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A. The Economic Nature of Profit and Loss

6. Profit and Loss in the Progressing and in the Retrogressing Economy

We call a stationary economy an economy in which the per head quota of the income and wealth of the individuals remains unchanged. In such an economy what the consumers spend more for the purchase of some articles must he equal to what they spend less for other articles. The total amount of the profits earned by one part of the entrepreneurs equals the total amount of losses suffered by other entrepreneurs.

"Profit is a product of the mind, of success in anticipating the future state of the market."

A surplus of the sum of all profits earned in the whole economy above the sum of all losses suffered emerges only in a progressing economy, that is in an economy in which the per head quota of capital increases. This increment is an effect of saving that adds new capital goods to the quantity already previously available. The increase of capital available creates maladjustments insofar as it brings about a discrepancy between the actual state of production and that state which the additional capital makes possible. Thanks to the emergence of additional capital, certain projects which hitherto could not be executed become feasible. In directing the new capital into those channels in which it satisfies the most urgent among the previously not satisfied wants of the consumers, the entrepreneurs earn profits which are not counterbalanced by the losses of other entrepreneurs.

The enrichment which the additional capital generates goes only in part to those who have created it by saving. The rest goes, by raising the marginal productivity of labor and thereby wage rates, to the earners of wages and salaries and, by raising the prices of definite raw materials and food stuffs, to the owners of land, and, finally, to the entrepreneurs who integrate this new capital into the most economical production processes. But while the gain of the wage earners and of the landowners is permanent, the profits of the entrepreneurs disappear once this integration is accomplished. Profits of the entrepreneurs are, as has been mentioned already, a permanent phenomenon only on account of the fact that maladjustments appear daily anew by the elimination of which profits are earned.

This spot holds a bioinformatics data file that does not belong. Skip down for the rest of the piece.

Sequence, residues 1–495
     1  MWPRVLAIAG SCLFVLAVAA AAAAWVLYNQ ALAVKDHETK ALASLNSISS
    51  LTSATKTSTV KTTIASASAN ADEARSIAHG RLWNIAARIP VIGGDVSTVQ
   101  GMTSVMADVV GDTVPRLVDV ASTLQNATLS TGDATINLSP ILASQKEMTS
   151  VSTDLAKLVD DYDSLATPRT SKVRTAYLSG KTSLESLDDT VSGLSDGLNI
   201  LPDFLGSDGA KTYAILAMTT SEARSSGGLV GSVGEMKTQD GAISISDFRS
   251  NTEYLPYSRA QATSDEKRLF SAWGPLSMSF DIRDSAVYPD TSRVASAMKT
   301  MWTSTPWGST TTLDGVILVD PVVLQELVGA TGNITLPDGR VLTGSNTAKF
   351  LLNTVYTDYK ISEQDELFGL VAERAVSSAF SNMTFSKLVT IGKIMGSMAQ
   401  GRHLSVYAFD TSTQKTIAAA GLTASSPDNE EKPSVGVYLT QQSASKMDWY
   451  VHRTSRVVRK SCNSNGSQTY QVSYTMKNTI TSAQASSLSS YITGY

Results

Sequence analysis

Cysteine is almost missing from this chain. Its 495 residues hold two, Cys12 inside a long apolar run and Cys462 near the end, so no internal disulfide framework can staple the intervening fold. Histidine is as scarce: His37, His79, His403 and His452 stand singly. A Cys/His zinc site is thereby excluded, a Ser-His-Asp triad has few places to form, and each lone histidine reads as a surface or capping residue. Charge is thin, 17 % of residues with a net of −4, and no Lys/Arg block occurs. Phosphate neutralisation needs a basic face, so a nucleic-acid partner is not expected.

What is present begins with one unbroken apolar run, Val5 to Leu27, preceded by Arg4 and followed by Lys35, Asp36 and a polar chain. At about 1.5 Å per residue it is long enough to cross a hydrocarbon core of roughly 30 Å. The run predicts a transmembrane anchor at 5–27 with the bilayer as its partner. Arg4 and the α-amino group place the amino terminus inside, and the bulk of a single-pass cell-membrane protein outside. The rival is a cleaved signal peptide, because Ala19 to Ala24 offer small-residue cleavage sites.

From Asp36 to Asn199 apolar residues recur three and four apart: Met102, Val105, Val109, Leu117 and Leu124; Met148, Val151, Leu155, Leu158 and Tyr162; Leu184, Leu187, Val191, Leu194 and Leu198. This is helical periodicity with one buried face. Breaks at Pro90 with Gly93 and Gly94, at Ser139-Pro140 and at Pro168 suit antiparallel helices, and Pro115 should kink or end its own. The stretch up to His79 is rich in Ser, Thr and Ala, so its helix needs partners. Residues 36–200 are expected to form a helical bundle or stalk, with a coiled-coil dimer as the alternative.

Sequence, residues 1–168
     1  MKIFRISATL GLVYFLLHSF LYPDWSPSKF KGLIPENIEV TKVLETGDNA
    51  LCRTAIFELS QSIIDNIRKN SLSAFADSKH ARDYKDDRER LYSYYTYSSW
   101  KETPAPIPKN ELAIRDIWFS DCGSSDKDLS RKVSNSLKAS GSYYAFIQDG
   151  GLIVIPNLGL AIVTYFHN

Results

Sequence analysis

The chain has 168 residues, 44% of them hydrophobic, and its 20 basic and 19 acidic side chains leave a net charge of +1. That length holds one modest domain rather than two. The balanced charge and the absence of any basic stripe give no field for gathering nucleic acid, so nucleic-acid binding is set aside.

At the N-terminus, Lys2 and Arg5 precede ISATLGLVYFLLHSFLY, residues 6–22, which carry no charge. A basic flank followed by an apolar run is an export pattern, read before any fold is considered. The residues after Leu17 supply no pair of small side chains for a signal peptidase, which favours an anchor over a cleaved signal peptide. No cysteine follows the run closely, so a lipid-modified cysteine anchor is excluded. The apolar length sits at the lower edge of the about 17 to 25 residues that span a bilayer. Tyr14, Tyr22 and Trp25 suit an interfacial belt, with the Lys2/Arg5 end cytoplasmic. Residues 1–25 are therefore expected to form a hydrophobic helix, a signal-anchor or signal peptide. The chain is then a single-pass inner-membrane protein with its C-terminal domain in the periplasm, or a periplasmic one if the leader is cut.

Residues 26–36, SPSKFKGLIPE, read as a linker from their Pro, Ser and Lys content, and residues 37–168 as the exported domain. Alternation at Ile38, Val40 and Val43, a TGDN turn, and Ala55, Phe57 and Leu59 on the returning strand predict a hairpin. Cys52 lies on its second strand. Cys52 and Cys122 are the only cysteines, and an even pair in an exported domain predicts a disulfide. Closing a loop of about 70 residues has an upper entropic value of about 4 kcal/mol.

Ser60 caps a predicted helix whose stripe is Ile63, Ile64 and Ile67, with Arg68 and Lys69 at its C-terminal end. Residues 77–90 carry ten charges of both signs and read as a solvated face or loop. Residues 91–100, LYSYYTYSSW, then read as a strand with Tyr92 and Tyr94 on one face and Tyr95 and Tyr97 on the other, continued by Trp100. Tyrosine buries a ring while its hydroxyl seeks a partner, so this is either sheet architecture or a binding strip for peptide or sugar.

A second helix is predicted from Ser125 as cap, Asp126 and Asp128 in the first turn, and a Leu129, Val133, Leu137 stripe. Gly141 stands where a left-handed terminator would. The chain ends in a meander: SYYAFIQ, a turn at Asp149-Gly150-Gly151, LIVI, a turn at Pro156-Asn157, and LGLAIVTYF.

Let us for the sake of argument resort to the concept of national income as employed in popular economics. Then it is obvious that in a stationary economy no part of the national income goes into profits. Only in a progressing economy is there a surplus of total profits over total losses. The popular belief that profits are a deduction from the income of workers and consumers is entirely fallacious. If we want to apply the term deduction to the issue, we have to say that this surplus of profits over losses as well as the increments of the wage earners and the landowners is deducted from the gains of those whose saving brought about the additional capital. It is their saving that is the vehicle of economic improvment, that makes the employment of technological innovations possible and raises productivity and the standard of living. It is the entrepreneurs whose activity takes care of the most economical employment of the additional capital. As far as they themselves do not save, neither the workers nor the landowners contribute anything to the emergence of the circumstances which generate what is called economic progress and improvement. They are benefited by other peoples' saving that creates additional capital on the one hand and by the entrepreneurial action that directs this additional capital toward the satisfaction of the most urgent wants on the other hand. A retrogressing economy is an economy in which the per head quota of capital invested is decreasing. In such an economy the total amount of losses incurred by entrepreneurs exceeds the total amount of profits earned by other entrepreneurs.